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#### G.v.Mainberg

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Power draw is not a constant vs voltage in these motors... the example numbers are not correct. Don't confuse the rise in current draw when a motor stalls with running current versus voltage when the motor is running in the normal RPM range. Current in motors like these is related to torque which is related to fan blade, speed, etc. Increase the voltage (from the faster alternator as proposed) and the speed will increase....we all know this from hearing fans slow down when we drop and engine to idle and the fan(s) slow down due to alternator voltage dropping. Torque/load will increase with speed, and current has to increase; it may not increase much, but it won't go down. (This all comes out of the mathematical modeling for motors and involves back-EMF's, etc.)

With better voltage, the torque load on the engine is higher.
In other words:

Let's say, you have a 12V DC motor with 80 Watts. This means, the motor has a power consumption of 80W at 12V. Since power consumption P (Watt) = U (Voltage) x I (Current), as a result your current draw is P / U or 80W / 12V = 6.67A.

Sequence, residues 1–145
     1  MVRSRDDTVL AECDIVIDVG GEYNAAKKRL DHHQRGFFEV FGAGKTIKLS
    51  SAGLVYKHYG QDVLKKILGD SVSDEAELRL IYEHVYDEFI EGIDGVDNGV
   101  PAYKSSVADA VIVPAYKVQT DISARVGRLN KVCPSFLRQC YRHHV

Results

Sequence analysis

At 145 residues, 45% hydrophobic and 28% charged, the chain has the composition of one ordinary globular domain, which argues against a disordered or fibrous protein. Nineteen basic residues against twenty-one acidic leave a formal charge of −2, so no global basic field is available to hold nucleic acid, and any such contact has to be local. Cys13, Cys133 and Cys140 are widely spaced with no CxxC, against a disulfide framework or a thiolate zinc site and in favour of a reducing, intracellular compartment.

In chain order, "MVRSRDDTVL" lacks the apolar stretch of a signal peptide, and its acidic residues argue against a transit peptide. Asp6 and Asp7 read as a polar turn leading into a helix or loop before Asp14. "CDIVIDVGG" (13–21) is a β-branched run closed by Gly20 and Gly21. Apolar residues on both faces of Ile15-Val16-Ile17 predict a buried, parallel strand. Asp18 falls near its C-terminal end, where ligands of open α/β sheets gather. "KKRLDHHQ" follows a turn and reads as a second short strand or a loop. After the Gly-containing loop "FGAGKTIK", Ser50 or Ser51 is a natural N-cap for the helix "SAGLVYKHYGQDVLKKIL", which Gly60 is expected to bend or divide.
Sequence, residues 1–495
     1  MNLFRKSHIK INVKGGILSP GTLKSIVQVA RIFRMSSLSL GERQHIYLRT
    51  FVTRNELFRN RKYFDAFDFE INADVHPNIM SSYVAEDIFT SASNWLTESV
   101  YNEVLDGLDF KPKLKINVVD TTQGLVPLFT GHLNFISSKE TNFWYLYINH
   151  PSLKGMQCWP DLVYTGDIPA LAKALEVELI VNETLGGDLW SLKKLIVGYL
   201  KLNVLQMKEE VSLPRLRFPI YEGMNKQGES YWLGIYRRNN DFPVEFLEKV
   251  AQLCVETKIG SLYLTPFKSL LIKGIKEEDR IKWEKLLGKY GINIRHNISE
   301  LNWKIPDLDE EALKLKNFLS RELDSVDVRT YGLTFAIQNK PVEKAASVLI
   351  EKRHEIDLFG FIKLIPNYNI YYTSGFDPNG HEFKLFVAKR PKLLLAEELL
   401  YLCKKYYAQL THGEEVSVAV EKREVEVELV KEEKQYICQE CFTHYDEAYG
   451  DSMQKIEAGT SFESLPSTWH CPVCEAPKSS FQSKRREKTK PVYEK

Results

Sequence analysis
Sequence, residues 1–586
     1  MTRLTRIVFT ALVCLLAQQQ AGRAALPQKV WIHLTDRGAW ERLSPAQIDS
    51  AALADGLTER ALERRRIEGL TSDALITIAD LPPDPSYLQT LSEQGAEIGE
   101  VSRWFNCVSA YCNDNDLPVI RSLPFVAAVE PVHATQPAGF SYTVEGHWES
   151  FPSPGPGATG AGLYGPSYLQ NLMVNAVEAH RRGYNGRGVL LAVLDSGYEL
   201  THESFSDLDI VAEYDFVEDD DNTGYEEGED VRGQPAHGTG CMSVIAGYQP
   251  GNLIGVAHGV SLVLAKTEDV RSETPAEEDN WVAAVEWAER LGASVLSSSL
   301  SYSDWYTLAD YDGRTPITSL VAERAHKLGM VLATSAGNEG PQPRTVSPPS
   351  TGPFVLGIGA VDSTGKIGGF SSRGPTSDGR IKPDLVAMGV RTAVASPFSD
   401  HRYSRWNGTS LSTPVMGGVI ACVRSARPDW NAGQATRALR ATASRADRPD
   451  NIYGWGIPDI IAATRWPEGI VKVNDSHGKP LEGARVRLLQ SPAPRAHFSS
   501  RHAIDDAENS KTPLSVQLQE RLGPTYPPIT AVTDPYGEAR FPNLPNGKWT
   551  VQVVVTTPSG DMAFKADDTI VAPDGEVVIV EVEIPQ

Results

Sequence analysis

Also, the electrical resistance R (Ohm) = U / I, so your motor has a resistance R = 12V / 6.67A = 1.8Ohm. Since the resistance is constant (within our idealized example), you can see that you can rearrange the equation to I = U / R --> Since R is constant, if the voltage drops down, the current drops down in the same relation which will bring the power consumption down even further.
If the voltage drops by factor 2 (to 6V) and the current drops by factor 2 as well (to 3.33A), the power drops by factor 2[SUP]2[/SUP] = 4 from 80W to 20W (6V x 3.33A).

Dieter

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